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Sunflower Seed Tahini

A jar of sunflower seed tahini and fresh sunflower seeds on a marble bench

I loved eating tahini-based dips and spreads like hummus, babaganoush and moutabal. These traditional middle eastern recipes fit in extremely well with a plant-based lifestyle unless of course, you discover that you have developed a serious allergy to sesame. Eating store-bought dips is no longer possible and faced with the prospect of never tasting some of my favourite dishes again, I needed a tahini-free version, Sunflower seed tahini. Leaving out tahini is one option but I missed the nutty undertones that tahini imparts.

Tahini essentially just means crushed nuts, while it may be most commonly made with sesame seeds, there are examples of tahini being made from sunflower seeds. After a bit of research, and some recipe testing I arrived at my own version that can easily be made at home. You can easily make it raw or toasted, just like traditional tahini. It keeps for a month in the fridge if stored in an airtight jar and I have found it works as a straight swap in many recipes that call for sesame seed-based tahini.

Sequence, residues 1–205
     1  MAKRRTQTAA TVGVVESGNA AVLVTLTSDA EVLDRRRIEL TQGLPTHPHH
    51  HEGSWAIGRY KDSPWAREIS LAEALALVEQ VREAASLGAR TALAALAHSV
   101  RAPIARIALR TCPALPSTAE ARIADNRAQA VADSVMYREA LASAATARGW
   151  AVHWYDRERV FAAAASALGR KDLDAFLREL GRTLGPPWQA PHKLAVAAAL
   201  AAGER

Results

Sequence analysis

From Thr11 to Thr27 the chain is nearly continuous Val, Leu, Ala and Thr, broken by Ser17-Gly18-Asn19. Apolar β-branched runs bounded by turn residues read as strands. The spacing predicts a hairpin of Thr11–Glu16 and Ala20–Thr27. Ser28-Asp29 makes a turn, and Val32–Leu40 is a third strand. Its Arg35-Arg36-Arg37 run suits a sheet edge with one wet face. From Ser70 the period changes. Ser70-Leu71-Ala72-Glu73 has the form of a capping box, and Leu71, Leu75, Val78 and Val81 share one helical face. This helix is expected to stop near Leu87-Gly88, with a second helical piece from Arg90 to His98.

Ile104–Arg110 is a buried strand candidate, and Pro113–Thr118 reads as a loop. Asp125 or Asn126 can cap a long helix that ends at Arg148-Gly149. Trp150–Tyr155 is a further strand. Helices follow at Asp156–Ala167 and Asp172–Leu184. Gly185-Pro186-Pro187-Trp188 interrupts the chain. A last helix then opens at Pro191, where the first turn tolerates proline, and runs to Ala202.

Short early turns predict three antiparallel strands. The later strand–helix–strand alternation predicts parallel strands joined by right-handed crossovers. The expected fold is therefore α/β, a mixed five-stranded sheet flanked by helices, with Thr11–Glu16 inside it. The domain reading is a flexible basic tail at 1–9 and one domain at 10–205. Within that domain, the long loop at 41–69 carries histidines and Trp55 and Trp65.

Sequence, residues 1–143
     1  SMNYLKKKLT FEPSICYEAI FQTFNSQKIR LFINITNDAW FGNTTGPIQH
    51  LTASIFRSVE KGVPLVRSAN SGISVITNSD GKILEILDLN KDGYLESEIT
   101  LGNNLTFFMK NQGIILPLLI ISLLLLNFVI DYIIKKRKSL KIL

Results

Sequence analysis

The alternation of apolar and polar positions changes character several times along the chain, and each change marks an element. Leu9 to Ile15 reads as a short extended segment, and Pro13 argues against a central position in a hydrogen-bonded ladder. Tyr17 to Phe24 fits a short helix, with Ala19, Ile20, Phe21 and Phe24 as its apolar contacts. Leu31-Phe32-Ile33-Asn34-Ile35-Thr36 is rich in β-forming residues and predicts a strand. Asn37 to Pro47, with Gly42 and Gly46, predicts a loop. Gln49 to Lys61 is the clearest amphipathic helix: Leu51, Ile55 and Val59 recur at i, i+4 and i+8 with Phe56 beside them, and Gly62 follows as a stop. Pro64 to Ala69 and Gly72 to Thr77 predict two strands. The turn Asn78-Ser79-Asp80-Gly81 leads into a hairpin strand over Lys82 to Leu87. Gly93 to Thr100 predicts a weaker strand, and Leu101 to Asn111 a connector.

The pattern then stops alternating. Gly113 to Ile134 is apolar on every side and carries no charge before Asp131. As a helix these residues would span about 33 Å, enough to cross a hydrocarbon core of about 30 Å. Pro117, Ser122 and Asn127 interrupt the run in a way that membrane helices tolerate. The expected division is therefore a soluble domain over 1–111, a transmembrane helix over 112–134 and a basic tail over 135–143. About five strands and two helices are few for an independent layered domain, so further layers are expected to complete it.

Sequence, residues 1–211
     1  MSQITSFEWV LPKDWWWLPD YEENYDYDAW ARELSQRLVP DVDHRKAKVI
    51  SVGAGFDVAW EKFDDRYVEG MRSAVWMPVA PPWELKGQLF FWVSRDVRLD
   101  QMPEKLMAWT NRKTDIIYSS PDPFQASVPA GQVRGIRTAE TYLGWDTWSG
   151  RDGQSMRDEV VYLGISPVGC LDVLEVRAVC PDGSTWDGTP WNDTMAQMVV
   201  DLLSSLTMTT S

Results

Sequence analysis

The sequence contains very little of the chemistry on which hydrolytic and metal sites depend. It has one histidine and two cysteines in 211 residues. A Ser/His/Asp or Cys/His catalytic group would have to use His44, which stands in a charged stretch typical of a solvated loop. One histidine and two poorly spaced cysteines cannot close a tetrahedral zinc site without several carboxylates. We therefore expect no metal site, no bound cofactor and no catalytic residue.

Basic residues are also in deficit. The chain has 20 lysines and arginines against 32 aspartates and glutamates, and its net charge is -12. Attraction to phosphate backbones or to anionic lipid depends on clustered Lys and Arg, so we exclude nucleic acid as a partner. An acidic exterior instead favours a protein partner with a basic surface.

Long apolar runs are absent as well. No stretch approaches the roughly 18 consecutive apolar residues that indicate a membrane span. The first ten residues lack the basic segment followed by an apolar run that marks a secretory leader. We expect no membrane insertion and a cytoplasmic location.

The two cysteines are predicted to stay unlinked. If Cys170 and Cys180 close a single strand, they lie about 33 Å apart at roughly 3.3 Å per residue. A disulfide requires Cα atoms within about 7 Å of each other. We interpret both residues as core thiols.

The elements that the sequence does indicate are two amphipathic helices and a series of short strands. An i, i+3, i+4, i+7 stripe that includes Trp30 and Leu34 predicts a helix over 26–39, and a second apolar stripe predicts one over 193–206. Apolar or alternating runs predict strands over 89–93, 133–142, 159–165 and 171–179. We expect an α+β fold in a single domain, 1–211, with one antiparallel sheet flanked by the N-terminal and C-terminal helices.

Equipment – high-speed blender is best but a food processor, blender or grinder will still work, though might not be as smooth.

Sunflower Seed Tahini

Ingredients:

  • 270g (2 cups) raw hulled sunflower seeds
  • Water
  • Salt
  • sunflower oil

Method:

Soak the sunflower seeds in water overnight or for at least 4 hours.

Heat your oven to 180ºC.

Drain the soaking liquid.

Line a rimmed baking tray with greaseproof paper or use a silicon mat

Spread the sunflower seeds in a single layer on the lined baking tray and place in the oven.

Check after 10 minutes, shake the tray so they toast evenly and repeat until they are nice and golden which may take 20 – 30 minutes depending on your oven.

Set aside to cool.

Put the sunflower seeds into a blender or food processor, add 50ml of water and blend.

With the blender running, slowly drizzle in sunflower oil until you have a smooth paste.

Season to taste.

Store in an airtight jar in the fridge, use in classic Middle Eastern recipes in place of tahini.

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